Sebastian Anthony over at ExtremeTech (a site I'd never heard of until moments ago) has a post up claiming the already-questionable World Press Photo winner may have been faked. Several questions have already been raised about Paul Hansen's winning image from Gaza, but most have been about the amount of toning involved.
The International Center of Photography has announced their Infinity Awards recognizing outstanding achievements in photography. Eight awards were given and MediaStorm produced films on each of the winners.
David Guttenfelder’s is a great look into how his work out of North Korea has come about. If you mouse over the right side, you can see the play list and watch his. (Of course, the Jeff Bridges one is worth watching, too.)
That quote at the end, about building connections, is why we do this work.
Some of the big awards have been announced …
Photojournalists of the Year:
RJ Sangosti of The Denver Post was today named the National Press Photographers Association’s Best Of Photojournalism 2013 Photojournalist of the Year (Larger Markets), and David Weatherwax of The Herald, in Jasper, IN, was selected as the Photojournalist of the Year (Smaller Markets).
Picture Editors of the Year:
Mark Edelson of The Palm Beach Post was today named the National Press Photographers Association’s Best Of Photojournalism 2013 Newspaper Picture Editor of the Year, and Jamie Wellford of Newsweek was selected as the Magazine Picture Editor of the Year.
Congrats to all the winners, and thank you for telling stories that matter.
UGA alumni Alan Spearman and Mark Adams have been honored with a first place in the National Press Photographers Association’s Best Use of Multimedia for their work on Memphis Poverty: What Obama Didn’t See.
Pull up a chair and dig in – the video is narrated by Chris Dean, who grew up in Memphis in some pretty difficult situations, but rose up to be able to introduce President Obama during a visit to the city.
Info is now up on the 2013 LUCEO Student Project Award competition. The winner gets $1,000 and a year’s worth of mentoring from the group.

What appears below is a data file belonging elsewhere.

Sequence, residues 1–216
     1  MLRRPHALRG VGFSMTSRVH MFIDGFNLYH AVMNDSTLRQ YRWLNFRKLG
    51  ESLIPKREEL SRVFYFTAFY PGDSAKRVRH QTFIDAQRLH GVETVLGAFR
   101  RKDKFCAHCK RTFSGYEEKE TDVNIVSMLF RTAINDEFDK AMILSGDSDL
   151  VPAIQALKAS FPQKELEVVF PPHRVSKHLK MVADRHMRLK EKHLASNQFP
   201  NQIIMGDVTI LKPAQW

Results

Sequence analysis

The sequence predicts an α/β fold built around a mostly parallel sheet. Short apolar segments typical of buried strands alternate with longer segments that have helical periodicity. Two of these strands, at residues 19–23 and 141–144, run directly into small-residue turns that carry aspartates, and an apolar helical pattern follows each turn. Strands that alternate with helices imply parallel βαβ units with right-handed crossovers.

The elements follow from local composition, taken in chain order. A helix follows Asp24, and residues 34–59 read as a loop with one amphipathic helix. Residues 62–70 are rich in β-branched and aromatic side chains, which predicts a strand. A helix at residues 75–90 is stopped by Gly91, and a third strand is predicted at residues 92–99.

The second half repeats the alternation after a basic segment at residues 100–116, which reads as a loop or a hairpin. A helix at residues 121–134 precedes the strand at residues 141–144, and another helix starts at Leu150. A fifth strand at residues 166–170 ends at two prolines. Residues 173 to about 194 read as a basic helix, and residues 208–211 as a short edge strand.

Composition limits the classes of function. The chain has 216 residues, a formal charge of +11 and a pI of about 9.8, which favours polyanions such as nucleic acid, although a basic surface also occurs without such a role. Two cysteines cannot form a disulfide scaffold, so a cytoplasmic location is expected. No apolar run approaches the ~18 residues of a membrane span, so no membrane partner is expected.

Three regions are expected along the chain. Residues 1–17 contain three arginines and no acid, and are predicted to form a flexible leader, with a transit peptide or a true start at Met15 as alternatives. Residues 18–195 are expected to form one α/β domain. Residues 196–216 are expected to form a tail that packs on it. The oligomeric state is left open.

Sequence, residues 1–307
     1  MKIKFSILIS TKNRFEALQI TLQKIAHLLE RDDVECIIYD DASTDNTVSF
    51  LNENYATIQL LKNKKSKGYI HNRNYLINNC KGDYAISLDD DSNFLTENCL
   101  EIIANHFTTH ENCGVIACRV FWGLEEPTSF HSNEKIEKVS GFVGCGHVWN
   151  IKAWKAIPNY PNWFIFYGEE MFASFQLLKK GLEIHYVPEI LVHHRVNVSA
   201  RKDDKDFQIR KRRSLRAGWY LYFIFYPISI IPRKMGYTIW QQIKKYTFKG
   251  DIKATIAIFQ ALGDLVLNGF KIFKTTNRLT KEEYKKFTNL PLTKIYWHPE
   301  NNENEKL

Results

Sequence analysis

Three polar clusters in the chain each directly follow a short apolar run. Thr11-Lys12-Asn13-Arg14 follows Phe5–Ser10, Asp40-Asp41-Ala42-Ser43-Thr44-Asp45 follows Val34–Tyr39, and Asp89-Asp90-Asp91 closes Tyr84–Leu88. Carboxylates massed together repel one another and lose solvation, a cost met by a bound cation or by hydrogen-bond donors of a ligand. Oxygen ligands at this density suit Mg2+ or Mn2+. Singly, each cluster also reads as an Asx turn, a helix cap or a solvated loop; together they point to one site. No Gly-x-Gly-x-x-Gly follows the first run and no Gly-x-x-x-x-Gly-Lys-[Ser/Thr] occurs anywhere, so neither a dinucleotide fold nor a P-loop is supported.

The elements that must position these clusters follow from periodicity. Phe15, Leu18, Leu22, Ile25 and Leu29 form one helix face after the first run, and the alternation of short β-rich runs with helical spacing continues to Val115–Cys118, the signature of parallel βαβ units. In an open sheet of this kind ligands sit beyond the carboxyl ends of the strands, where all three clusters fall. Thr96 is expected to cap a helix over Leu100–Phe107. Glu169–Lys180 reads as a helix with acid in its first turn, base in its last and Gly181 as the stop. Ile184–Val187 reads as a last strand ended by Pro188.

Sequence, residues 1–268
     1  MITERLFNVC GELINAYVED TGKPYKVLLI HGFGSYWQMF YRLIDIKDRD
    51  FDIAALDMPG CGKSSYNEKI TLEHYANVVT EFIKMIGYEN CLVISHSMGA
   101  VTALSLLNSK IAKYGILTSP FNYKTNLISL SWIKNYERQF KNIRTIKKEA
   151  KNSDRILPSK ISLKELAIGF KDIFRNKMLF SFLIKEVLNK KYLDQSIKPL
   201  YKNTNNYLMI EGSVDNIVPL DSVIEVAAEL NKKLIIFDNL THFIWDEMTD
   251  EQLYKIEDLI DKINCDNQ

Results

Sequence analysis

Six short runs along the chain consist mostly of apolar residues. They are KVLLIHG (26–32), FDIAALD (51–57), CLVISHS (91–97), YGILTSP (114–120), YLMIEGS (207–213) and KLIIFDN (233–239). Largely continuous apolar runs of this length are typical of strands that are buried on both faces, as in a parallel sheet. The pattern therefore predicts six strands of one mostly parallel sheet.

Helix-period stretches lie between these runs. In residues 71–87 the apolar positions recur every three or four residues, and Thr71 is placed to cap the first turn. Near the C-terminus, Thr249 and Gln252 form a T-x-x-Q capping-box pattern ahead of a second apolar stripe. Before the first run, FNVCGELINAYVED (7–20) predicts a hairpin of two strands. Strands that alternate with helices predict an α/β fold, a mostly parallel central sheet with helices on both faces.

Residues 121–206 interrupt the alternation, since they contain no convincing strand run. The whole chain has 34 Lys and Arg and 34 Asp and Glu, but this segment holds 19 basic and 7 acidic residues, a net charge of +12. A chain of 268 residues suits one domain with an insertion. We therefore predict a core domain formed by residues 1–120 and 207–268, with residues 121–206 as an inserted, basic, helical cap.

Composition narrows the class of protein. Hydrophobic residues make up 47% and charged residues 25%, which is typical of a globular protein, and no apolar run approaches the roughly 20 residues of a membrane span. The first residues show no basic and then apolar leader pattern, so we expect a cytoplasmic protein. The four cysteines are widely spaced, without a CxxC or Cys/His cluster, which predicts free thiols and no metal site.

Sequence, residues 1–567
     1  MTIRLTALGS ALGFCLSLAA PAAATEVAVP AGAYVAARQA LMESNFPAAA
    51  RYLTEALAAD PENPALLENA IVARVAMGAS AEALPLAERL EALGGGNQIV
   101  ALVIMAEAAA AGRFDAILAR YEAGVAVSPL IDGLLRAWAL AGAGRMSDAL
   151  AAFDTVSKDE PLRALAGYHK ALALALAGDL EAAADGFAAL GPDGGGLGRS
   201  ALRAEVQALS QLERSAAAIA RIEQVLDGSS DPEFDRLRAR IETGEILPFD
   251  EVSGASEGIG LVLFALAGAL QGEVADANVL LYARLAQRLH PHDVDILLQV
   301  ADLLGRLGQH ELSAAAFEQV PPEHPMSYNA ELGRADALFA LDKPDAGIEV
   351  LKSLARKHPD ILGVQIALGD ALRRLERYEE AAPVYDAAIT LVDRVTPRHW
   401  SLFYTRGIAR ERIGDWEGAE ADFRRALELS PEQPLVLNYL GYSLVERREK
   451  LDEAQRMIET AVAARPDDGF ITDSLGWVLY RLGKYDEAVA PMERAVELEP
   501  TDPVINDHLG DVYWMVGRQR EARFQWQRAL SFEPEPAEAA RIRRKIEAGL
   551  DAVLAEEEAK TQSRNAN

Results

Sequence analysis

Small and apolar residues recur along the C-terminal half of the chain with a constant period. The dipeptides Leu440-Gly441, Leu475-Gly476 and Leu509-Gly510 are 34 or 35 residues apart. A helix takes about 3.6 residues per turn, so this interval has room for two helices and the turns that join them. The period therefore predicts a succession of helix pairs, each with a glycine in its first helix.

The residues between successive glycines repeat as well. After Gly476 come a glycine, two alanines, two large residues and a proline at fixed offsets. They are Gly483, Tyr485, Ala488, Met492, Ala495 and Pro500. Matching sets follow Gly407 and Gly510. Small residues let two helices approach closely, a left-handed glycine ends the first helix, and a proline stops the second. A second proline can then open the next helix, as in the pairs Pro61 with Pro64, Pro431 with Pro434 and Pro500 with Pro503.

And that last part is probably worth more than the first part …
Word filtered out yesterday that two alums from my program here at the University of Georgia’s Grady College of Journalism and Mass Communication sort of, well, won all of the things in the Georgia Press Association’s January clip contest.
Sara Caldwell, a 2011 grad, and Jon-Michael Sullivan, a 2010 grad, are both on staff at the Augusta Chronicle and about to get knee-deep in the Masters. But here’s what they did:
- General News, first and second – Sara Caldwell
- Photo story, first – Jon-Michael Sullivan
- Photo story, second and third – Sara Caldwell
- Spot news, second – Jon-Michael Sullivan
- Sports, second – Sara Caldwell
- Sports, third – Jon-Michael Sullivan
- Feature, second – Jon-Michael Sullivan
- Feature, third – Sara Caldwell
So, by my count, of the 15 photo awards for the month, the two of them won 10. In a state wide contest.
And as if that wasn’t enough, they also each had a photo in the Zuma Press Photo of the Day this past weekend.
What a great way to end the week, eh?
Continuing on my catching up … over at PhotoShelter, Allen Murabayashi takes on the question of over toning images, to the point they look like movie posters.
I fully support Murabayashi except for the first part of this excerpt:
To be clear, I’m not suggesting that there has been any manipulation that falls outside of the rules of the contest, but when images cease to look real and to be overly retouched, we have a veracity problem. And if we subscribe to the common ethos of photojournalism (i.e. that we are trying not to deceive the viewer), then we have an increasingly enigmatic issue. This movie poster look reminds me of this article about Hollywood’s obsession with teal and orange. We have somehow come to believe that the images look better with copious amounts of Photoshop vs what is straight out of the camera.
I think it has fallen outside of the rules of the World Press Photo competition. The inclusion of the word “press” implies journalism, and none of the images he questions are journalism anymore – they are illustrations.
So what do we do? His suggestion that contests require submission of untouched original files is right on the money. What message do we send when we give awards to images that no longer reflect reality? That are impossibilities? That have become, at their core, visual lies?
My students occasionally complain that I spend too little time teaching them Photoshop, that other programs spend more time on it. They are absolutely right, I spend comically little time teaching it because it is a tool that scares me. I grew up on Kodachromes (yeah, I went there) – get it right in the camera and life is much easier.
Because no one will ever save democracy by sitting in a dark room pushing pixels around.
A winning entry in the Pictures of the Year International competition have been raised by many people. Good summations available by David Gonzalez and James Estrin at the New York Times’ Lens blog as well as by Donald Winslow on the National Press Photographers Association’s site.
There are warnings to be heeded in here, particularly about captions and making sure the story is verified. Language barrier or not, journalism is journalism – staging photos and writing misleading captions is not okay.